Harvest Report - Fires singe Southern Cape vineyards as February turns on the heat

Devastating fires spread through an estimated 80km of agricultural land along the Southern Cape coast towards Agulhas in the first week of February, claiming massive natural and commercially farmed indigenous fynbos vegetation, as well as buildings and luxury lodges. The fires moved between the towns of Stanford, Gansbaai, Elim, Napier and Bredasdorp, causing many areas to be evacuated.

Most reports indicate that wind-fuelled fires started on Monday January 30th, but a separate fire affecting premium grape vineyards started 10 days before in rural areas in the vicinity, affecting Raka and Flagstone.

Dreyer says the fire came at full speed towards his Klein River vineyards east of Stanford on Saturday January 21st. 'It ran alongside the road and nipped the Pinotage. We stopped the fire at our winemakers' house then it nipped over the Klein River Berg. My overhead sprinklers are a no-no in viticulture where drip irrigation is preferred. But I know this mountain and had my sprinklers going. It really blocked the fire. My neighbour farms fynbos flowers and it was destroyed,' he says. Raka started harvesting Sauvignon Blanc on February 4th - two weeks earlier than 2005.

Flagstone buys in grapes over a wide geographical area, but was planning to supplement with vineyards coming on-stream 20km from Napier. Vines about 8km from Raka as the crow flies, were severely damaged on Sunday January 22nd. Jack estimates that around 50,000ha in the Napier area was affected - including 14 farms and a lot of mountain fynbos. 'It was a firestorm so came through very quickly. Damage was from a combination of wind and fire. We had about eight or nine varieties planted - all under three years old,' he reports. 'On the plus side, it's given us the opportunity to rectify our mistakes in a pioneering area, and we'll see the regeneration of fynbos on the Akkedisberg.' 

Jack commends the local wine community for their support. 'Three teams from the Elim area came to help: Black Oystercatcher, Agulhas Vineyards and Zoetendal Wines - we would've lost 100% of the vines if it wasn't for them. It reconfirms your belief in humanity,' he says. Jack is otherwise upbeat about vintage 2006. Flagstone kicked off harvest with Merlot in Tulbagh in early February. Since February 6th they've brought in Elim Sauvignon Blanc, Merlot and Pinotage from the Perdeberg, and Helderberg Chardonnay.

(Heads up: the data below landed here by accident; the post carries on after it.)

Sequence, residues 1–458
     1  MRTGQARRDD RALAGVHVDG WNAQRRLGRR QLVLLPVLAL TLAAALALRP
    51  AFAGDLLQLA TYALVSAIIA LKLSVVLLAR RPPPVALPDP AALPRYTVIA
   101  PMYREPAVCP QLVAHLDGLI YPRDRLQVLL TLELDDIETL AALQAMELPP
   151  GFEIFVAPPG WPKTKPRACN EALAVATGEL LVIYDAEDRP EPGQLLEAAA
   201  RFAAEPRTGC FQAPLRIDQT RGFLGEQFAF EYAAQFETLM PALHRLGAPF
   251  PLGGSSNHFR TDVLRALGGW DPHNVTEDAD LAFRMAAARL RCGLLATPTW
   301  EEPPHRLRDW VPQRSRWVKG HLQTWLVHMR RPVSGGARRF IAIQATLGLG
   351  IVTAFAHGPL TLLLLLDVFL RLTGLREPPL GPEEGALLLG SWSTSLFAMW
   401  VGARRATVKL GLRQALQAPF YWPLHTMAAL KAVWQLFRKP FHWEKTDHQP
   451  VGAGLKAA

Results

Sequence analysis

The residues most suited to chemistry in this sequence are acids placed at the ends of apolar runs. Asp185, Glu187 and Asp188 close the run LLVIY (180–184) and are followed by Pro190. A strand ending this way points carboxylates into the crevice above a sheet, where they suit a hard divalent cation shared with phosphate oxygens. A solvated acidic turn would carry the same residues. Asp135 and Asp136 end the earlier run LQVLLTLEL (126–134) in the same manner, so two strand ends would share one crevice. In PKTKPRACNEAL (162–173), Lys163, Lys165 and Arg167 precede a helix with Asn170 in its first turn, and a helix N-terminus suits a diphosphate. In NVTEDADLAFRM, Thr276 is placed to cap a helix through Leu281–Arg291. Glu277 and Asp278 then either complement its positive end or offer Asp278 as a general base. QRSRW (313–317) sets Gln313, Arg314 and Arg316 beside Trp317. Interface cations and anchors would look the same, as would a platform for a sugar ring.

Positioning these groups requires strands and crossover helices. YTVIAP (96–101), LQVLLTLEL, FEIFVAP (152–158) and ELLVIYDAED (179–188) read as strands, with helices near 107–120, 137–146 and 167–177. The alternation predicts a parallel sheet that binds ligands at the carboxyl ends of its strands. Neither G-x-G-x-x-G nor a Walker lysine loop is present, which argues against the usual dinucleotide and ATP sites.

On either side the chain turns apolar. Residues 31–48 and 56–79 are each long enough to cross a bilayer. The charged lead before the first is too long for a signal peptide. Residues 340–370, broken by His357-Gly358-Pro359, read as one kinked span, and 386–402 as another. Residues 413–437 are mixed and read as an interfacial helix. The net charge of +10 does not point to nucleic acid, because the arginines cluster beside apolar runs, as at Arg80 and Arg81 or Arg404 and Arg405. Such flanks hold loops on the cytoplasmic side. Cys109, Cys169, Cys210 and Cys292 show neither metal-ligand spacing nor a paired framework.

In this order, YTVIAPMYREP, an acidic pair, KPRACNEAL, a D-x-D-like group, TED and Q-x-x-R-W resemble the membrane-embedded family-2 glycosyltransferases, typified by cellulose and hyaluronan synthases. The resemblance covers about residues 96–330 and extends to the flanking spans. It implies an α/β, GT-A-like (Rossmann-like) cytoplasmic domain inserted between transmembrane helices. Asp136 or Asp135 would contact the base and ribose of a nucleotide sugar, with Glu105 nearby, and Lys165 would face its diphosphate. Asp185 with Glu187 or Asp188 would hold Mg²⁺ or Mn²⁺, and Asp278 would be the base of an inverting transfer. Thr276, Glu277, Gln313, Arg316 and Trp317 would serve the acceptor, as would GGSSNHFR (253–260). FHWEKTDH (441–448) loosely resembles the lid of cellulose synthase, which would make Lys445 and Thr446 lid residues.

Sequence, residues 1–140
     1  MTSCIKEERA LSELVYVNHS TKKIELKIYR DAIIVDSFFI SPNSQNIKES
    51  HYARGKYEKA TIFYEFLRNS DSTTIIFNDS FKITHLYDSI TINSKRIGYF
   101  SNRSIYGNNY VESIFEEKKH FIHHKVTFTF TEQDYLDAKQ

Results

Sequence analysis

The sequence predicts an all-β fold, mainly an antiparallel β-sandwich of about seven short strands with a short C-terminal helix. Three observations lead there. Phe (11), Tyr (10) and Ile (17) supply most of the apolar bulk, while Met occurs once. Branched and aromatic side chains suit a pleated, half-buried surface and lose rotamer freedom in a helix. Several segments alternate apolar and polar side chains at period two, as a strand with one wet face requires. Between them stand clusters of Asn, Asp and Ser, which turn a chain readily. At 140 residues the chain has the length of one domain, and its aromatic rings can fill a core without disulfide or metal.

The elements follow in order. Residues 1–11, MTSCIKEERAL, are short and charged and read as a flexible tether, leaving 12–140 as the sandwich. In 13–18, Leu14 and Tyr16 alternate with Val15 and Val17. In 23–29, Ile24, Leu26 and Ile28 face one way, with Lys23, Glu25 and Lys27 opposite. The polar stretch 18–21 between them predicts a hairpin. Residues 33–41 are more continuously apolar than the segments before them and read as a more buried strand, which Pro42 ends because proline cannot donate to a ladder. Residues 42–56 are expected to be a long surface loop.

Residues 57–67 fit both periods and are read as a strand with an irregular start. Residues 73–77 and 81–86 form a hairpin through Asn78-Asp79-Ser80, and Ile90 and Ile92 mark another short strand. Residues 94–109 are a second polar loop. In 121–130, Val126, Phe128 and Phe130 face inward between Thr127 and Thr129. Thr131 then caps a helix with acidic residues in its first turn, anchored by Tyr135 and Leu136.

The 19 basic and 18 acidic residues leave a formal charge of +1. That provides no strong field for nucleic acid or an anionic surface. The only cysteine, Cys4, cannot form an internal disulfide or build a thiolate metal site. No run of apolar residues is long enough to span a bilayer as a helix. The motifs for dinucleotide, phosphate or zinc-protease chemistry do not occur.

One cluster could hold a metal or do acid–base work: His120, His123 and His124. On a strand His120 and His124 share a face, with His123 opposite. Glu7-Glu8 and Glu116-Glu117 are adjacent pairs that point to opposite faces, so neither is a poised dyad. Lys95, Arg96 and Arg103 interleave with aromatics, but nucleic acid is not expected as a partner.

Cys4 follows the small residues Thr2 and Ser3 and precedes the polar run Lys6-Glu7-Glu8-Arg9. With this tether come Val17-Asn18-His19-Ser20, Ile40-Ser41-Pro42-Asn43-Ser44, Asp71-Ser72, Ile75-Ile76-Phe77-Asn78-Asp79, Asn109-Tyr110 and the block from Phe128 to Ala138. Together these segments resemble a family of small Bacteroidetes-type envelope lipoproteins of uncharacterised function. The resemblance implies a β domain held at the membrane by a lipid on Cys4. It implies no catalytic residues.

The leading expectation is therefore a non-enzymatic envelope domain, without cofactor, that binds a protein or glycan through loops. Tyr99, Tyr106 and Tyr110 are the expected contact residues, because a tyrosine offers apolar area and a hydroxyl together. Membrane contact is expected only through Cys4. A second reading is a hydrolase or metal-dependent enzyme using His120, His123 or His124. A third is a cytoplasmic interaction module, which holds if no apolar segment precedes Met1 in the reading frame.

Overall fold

Kobus Gerber makes Lomond wines (and Fleur du Cap whites), the maiden 2005 release of single-vineyard Sauvignon Blanc wines from a 100ha farm situated inland of Gansbaai. Distell viticulturist Johan Wiid visited on February 3rd, just after the fire. Surrounding fynbos was burnt and a few rows of Syrah were singed. 'The grapes seem fine, although we're wondering about the effect of thick smoke on resulting wine flavours in the Shiraz, and even single-vineyard Sauvignon Blanc,' he reports. 'But we expect to start harvesting Sauvignon in a week or so.'

Gerber has harvested 6000 tons from Stellenbosch, mostly for JC le Roux's MCC. He's also brought in 60 tons of Sauvignon Blanc for Fleur du Cap from Bottelary and the Helderberg. 'Dryland vineyards are really struggling after the recent hot days, so I'm picking a bit earlier and getting grapes into the cellar before 10am. I'm seeing very small berries because of the drought but fruit is very concentrated,' says Gerber.

Bruwer Raats harvested his first Chenin Blanc grapes on Tuesday February 7 in his first vintage of flying solo with Raats Family Wines. He reports good acidities and lower pHs than 2005 from Simonsberg grapes destined for Raats Original. 

Chris Kelly left Omnia Wines for the smaller volumes of Hidden Valley. The outcome? 'Hectic, but really good! Today, apart from harvesting Pinotage, I've got visitors from Japan, Germany and then Holland. I'm expected to give them a tasting and we don't have any facilities - we bought a picnic table last week,' he laughs. 'We're harvesting in about five different cellars - three in Stellenbosch plus we're trucking our Elim grapes to cellars in Hermanus and Elgin.'

'Last week's heat brought things forward quite a bit. Beautiful Stellenbosch Sauvignon Blanc came in on February 6 from Faure, really good Pinotage today at about 24.5°B from the Devon Valley farm. Then we looked at our 16ha of Elim vines last week. Our Sauvignon should be 10 days behind Stellenbosch but fire heat in the vicinity seem to have sped things up, even though they were 20km away. We expect to harvest on February 9th. Quality-wise, things are a bit better than 2005, but harvest dates are similar. '

At The Winery's Helderberg cellar, the roof is being welded on as grapes are being received. Alex Dale explains their decision to change the grape sorting area configuration, but it should've been completed by December. Builder's delays... The bottling line has also been broken for three weeks - par for the course during harvest. They've taken in Chardonnay from Faure and Helderberg on February 3rd, 6th and 7th, and are starting with Chenin Blanc. 'We had a string of 35°C days last week and it peaked at 40°C on Feb 1st. Natural acidities are quite good, and pHs are fabulous, which is surprising with that heat. Less than 1% was thrown out on the sorting table. February is traditionally the hot month, and this hot weather was three days earlier than in 2005, which was considered a hot year.'